My research is based around modeling charge and energy transport in organic devices such as organic light emitting diodes (OLEDS) , organic photovoltaics (OPVS) and organic field effect transistors (OFETS).
In terms of basic operation, organic devices differ from their inorganic counter parts by using organic semiconductors instead of inorganic semiconductors. This essentially means that the main component of organic devices is some from of plastic.
More specifically I have been looking at how adding certain conductive organic layers to the structure of OLEDs affects the current and charge recombination zones within the device.
Organic devices are attractive to researchers as they hold the potential to completely revolutionize modern gadgets and offer rich commercial integration prospects that will be worth investment.
In general, devices made from organic materials can be flexible due to their plastic mature, easy to produce with production methods such as ink jet printing and cheap due to the low temperature processing.
These assets along with many others specific to the type of device make organic based electronics very desirable for the future.
However organic devices suffer from two main flaws. The first being that plastic doesn't conduct electricity very well, meaning organic semiconductors typically have low mobilities compared to inorganic semiconductors.
The second problem is the lifetime of organic devices. Organic devices suffer from internal degradation simply due to the operation of the device.
Organic devices are entering a market which is already dominated by similar inorganic devices that currently outperform their competitors. Huge industry exists around silicon electronics and for organic devices to penetrate this market huge research efforts are required to improve the efficiency and lifetime so that these devices can compete alongside their inorganic counterparts.
There are books (see resources section) that describe the theory much more elegantly then I can, but I will supply a very brief outline as to how charge and energy is transported through organic semiconductors.
The conjugated bonding between the carbon atoms means that three sp2 hybridized orbitals are formed creating a coplanar structure where two of the bonds link carbon atoms together and the third attaches hydrogen or some other R group to the carbon atoms.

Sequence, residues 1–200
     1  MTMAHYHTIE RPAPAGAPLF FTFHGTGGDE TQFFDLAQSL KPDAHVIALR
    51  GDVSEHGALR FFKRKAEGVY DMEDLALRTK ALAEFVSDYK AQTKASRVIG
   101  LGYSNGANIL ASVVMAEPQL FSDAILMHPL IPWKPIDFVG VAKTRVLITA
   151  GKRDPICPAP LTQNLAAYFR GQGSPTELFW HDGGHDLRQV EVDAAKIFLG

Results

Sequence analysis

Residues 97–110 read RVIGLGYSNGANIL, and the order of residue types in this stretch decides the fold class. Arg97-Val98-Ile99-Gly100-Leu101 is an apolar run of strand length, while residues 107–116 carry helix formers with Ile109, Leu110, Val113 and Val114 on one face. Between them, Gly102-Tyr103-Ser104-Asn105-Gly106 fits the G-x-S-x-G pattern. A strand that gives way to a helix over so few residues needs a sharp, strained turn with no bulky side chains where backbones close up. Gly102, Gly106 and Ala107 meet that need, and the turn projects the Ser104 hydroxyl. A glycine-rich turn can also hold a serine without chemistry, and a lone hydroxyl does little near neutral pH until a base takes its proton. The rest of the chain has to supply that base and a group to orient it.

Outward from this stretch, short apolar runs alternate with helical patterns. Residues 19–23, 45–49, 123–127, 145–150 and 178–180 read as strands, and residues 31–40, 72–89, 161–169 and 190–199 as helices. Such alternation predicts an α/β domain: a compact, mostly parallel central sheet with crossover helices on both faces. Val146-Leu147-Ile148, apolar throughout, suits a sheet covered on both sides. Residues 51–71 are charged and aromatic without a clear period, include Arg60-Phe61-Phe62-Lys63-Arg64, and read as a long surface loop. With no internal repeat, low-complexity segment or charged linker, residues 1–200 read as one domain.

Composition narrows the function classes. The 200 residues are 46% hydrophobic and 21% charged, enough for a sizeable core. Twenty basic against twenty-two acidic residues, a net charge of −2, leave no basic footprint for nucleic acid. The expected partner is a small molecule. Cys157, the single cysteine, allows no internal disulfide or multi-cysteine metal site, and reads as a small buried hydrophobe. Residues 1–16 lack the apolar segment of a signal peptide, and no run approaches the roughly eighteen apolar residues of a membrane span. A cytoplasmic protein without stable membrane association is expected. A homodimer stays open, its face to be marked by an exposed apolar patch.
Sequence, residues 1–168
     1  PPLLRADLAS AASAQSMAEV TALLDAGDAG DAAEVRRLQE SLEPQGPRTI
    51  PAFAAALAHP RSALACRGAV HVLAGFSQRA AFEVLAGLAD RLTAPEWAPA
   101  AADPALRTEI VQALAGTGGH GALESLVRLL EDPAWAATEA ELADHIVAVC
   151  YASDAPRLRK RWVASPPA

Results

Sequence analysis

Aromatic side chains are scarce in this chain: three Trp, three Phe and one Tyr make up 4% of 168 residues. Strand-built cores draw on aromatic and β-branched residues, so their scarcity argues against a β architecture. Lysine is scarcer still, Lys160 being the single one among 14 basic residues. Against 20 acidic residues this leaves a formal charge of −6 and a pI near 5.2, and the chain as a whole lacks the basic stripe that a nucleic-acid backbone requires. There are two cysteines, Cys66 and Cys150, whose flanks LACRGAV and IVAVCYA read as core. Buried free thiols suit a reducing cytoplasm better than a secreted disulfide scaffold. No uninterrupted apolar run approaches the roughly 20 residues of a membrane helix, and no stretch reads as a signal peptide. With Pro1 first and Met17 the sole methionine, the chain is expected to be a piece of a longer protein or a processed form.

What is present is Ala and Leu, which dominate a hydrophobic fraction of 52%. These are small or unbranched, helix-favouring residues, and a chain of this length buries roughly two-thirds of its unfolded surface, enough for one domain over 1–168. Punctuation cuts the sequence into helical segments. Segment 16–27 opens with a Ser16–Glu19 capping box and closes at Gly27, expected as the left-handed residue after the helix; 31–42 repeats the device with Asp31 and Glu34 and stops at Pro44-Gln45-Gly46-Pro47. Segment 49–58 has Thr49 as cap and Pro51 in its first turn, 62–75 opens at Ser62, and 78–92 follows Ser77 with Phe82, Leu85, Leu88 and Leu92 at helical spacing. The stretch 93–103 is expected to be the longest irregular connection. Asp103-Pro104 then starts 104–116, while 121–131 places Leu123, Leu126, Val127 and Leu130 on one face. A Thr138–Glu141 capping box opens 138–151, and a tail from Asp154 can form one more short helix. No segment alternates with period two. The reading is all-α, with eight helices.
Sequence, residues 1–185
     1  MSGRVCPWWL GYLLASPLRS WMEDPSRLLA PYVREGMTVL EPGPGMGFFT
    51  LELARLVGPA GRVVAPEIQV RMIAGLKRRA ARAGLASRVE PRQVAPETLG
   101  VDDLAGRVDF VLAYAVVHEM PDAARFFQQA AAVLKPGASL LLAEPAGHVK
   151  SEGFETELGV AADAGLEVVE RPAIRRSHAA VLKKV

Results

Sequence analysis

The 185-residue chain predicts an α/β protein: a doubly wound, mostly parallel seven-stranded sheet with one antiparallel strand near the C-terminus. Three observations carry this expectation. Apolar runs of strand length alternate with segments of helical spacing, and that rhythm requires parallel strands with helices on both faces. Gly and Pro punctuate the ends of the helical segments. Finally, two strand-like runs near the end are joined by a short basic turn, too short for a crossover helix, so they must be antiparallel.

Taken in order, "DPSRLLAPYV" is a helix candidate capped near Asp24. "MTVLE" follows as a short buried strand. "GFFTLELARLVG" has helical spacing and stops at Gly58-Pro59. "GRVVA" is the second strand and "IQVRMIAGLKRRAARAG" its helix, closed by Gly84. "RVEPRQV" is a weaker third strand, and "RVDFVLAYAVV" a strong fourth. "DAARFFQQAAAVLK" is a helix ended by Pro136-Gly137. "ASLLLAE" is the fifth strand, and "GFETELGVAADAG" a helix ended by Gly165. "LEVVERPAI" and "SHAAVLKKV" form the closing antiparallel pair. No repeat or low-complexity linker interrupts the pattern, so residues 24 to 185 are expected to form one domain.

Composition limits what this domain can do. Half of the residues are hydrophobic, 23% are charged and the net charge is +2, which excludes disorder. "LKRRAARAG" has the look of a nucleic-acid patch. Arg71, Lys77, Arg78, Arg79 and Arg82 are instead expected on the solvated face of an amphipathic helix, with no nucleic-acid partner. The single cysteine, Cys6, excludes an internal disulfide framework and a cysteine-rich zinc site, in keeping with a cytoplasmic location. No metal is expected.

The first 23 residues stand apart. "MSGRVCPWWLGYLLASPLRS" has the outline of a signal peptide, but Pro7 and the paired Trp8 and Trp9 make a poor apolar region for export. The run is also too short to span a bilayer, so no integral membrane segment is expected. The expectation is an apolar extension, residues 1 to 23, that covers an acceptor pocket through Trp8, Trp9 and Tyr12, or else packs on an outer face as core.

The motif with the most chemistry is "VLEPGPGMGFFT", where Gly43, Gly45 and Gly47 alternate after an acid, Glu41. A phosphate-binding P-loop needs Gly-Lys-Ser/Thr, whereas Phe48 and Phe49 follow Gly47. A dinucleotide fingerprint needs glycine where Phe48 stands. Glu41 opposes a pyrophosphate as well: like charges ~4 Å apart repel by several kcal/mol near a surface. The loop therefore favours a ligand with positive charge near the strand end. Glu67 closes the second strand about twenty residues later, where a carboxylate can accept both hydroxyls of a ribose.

This sp2 hybridized bonding leaves spare p_z orbitals per carbon atom normal to the coplanar structure. Overlapping of the p_z orbitals occurs over extended conjugated bonding, creating a delocalized sea of electrons above and below the coplanar structure known as a pi band.
These electrons can be viewed as being in the highest occupied molecular orbital, and are therefor easily excitable across a band gap into a pi* band, where the excitation is referred to as a polaron. This is analogous to electrons in an inorganic semiconductor being excited from the valence band to the conduction band, leaving behind a hole.
However, due to typically low dielectric constants in organic semiconductors, these excitations formed are still coulombically bound to the respective 'holes' left behind, creating a stable neutral state known as an exciton.
It is through the movement, generation and recombination of these excitons that most of the optical and electrical characteristics of organic semiconductors are generated
It is also believed that through the generation, recombination and movement of excitons, physical degradation of the polymers that carry these excitations can occur.
The Kinetic Monte Carlo (KMC) code is a method of stochastically choosing events to occur based on how quickly that event can take place. The type of events that occur in our organic devices involve charge and exciton movement, charge injection (from electrodes) and exciton formation and recombination.
These simulations utilize a full 3D user created morphology, and makes the model very versitile at exploring the effect different device structures and geometries have on device performance. This is coupled with the ability to view and track all particle species within the device through time.
This method has been used to successfully investigate the efficiency of gyroid shaped polymer structures in OPVs by Robin Kimber, and is currently my primary tool in investigating the effect of interlayers in OLEDs
Drift Diffusion Model
A drift diffusion model has been created to solve the transport equations in 1D for charge and energy movement within organic devices. The model is a quick way of testing new ideas, and an excellent tool to run alongside the KMC model.
An optical model is used to analyze the output power from a layered OLED. The model works by assuming light is generated somewhere in the organic semiconductor by an oscillating dipole representing an exction. Coupled with the exciton profiles generated with either the KMC or drift diffusion codes, it is possible to work out the efficiency and light intensity emitted from OLEDs.
The primary aim of my research is to use the models to help shed light onto the mechanisms behind the degradation of OLEDs. Using the KMC and Drift Diffusion models it is possible to investigate how different structures effect the positions of exciton generation and recombination zones.
Using this, it is then possible to probe different degradation mechanisms, and, using the optical model, compare the change in light intensity due to degradation with experimental data.